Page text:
Inflation increased even more than expected. According to the US Bureau of Labor Statistics, the consumer price index, which measures the cost of everyday goods and services, rose 9.1% in June from the same month last year. The increase was the sharpest since November 1981.
Already weary after two years of COVID-19 lockdowns and restrictions, hiring difficulties, rising interest rates and supply chain confusion, small businesses must now deal with higher commodity prices and determine how much of the burden to transfer to their customers.
“Like most changes in the economy, rising interest rates send ripples that can affect business owners’ bottom lines,” said Chi Eze, vice president, small business banking manager for Bank of America in Owings Mills. “Higher interest rates mean more expensive loan payments, so it’s important for business owners to carefully consider their long-term cash flow and budgeting needs when considering funding sources.”
Hasan Mannan, market manager for business banking at JPMorgan Chase & Co., said a number of factors affect small businesses and that it’s important to look at the big picture.
“The cost of doing business, to be honest with you, has just gotten more expensive and it’s starting to put a strain on the bottom line of even the most profitable, well-run businesses,” he said.
In a Bank of America survey of small business owners conducted in March and April, nearly 90 percent said inflation was a major challenge.
“I think what’s happening in the interest rate market is that it’s really causing business owners and our customers to pause and really think and honestly analyze in a better way what they plan to use the capital for,” said Jason Weisberg, senior vice president and business banking team leader for Greater Baltimore at M&T Bank.
Regional banks are helping their small business customers in a number of ways in a higher rate environment.
“Our philosophy at M&T is really about banking on relationships and looking at longer-term goals,” Weisberg said. “As we’re meeting with clients, one of the No. 1 things we’re talking about and hearing about right now is around higher inflation.”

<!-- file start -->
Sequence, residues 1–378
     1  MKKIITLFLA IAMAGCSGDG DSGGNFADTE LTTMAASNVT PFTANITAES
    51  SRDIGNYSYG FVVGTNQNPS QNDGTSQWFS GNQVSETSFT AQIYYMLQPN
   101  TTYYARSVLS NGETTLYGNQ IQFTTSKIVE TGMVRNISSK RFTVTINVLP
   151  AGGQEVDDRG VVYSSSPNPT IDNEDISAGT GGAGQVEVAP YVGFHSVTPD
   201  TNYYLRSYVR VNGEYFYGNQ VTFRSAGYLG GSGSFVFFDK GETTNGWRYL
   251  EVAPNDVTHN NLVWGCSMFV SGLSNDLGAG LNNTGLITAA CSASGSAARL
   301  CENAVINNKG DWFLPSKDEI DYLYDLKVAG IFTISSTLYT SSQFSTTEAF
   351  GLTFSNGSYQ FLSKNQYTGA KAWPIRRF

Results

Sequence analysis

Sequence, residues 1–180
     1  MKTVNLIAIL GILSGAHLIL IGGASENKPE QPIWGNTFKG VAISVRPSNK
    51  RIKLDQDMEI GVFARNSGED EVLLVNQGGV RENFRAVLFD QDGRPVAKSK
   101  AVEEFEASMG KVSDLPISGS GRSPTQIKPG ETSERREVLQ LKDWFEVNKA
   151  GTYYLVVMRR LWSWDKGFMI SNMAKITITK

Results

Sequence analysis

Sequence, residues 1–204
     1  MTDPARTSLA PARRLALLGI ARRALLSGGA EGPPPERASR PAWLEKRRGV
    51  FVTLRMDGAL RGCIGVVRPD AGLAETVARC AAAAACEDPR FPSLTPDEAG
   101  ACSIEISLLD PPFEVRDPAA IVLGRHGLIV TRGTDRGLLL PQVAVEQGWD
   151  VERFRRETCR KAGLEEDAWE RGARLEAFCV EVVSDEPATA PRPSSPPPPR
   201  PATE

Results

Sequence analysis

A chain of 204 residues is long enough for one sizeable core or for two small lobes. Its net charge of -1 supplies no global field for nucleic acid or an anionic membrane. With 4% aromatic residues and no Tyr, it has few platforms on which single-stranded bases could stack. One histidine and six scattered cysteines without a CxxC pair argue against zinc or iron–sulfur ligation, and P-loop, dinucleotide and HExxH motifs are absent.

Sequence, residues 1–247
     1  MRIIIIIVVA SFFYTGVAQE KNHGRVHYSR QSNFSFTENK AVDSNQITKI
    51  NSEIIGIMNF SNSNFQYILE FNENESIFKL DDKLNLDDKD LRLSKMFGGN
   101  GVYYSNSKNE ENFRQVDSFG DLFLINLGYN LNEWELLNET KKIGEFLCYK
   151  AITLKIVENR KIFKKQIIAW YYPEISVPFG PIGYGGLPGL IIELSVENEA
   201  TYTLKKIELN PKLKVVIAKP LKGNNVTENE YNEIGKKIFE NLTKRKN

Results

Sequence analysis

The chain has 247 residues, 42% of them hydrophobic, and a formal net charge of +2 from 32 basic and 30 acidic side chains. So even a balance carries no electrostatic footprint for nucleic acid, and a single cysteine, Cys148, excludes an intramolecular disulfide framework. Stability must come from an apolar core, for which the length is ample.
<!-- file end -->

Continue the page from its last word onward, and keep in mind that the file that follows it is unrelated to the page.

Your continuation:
Weisberg said M&T is working to understand the impact of higher rates on customers.
“Every business is unique in where it is in its life cycle,” he said.
Bank of America’s Eze said the bank provides small business customers with advice, tools and resources to navigate challenging markets.
“Our small business specialists provide guidance specific to the unique goals and priorities of business owners,” she said.
Bank of America recently launched the Start a Business Center, a digital resource that offers small business customers and aspiring business owners business plan templates and information on business legal structures, marketing strategies and financing opportunities, among other topics.
JPMorgan Chase & Co. continues to open branches not only as a place to process deposits and withdrawals, but also as a resource center, Mannan said.
“If you’re a small business owner and … you just don’t know what’s available to you, you can come to one of the branches and we’ll sit there and walk you through all the options and choices you might have,” Mannan said .
When discussing inflation, banks look beyond the short-term impacts to help small business customers prepare for the long term.
Weisberg said M&T works with customers to assess their long-term goals. He presented the situation of a business facing a lease renewal and a large rent increase.
“It could be a great time to evaluate their longer-term plans and potentially purchase a property to help offset some of their real estate or operating costs, such as having space to run their business,” he said. “We can definitely help evaluate their finances and understand their long-term goals and provide capital for what this project can be.”
Bank of America’s Eze said banks can help business owners by providing tools that make visualizing and managing key aspects of their business as simple as possible, as well as lending options to help with financing needs. Small business professionals can also provide advice to help small business owners deal with the impact of inflation, from business plan reviews to customer loyalty strategies to identifying potential revenue streams.
When looking to the long term, JPMorgan Chase’s Mannan said he wants to examine how well-equipped businesses are to take advantage of the market once interest rates fall.
“We’re seeing more conversations around mergers and acquisitions and how companies can become more efficient,” he said. “Should they contribute assets and increase their output? Things of this nature are the conversations you need to start now because planning really takes some time.
Mannan stressed that small business owners need to understand what’s happening globally, nationally and locally, and that they talk to experts.
“It’s going to take some time to plan, so my point is you start thinking about what you’ve got in place for the next 12 to 16 months and then how well you’re prepared to take advantage of that once the market turns,” he said .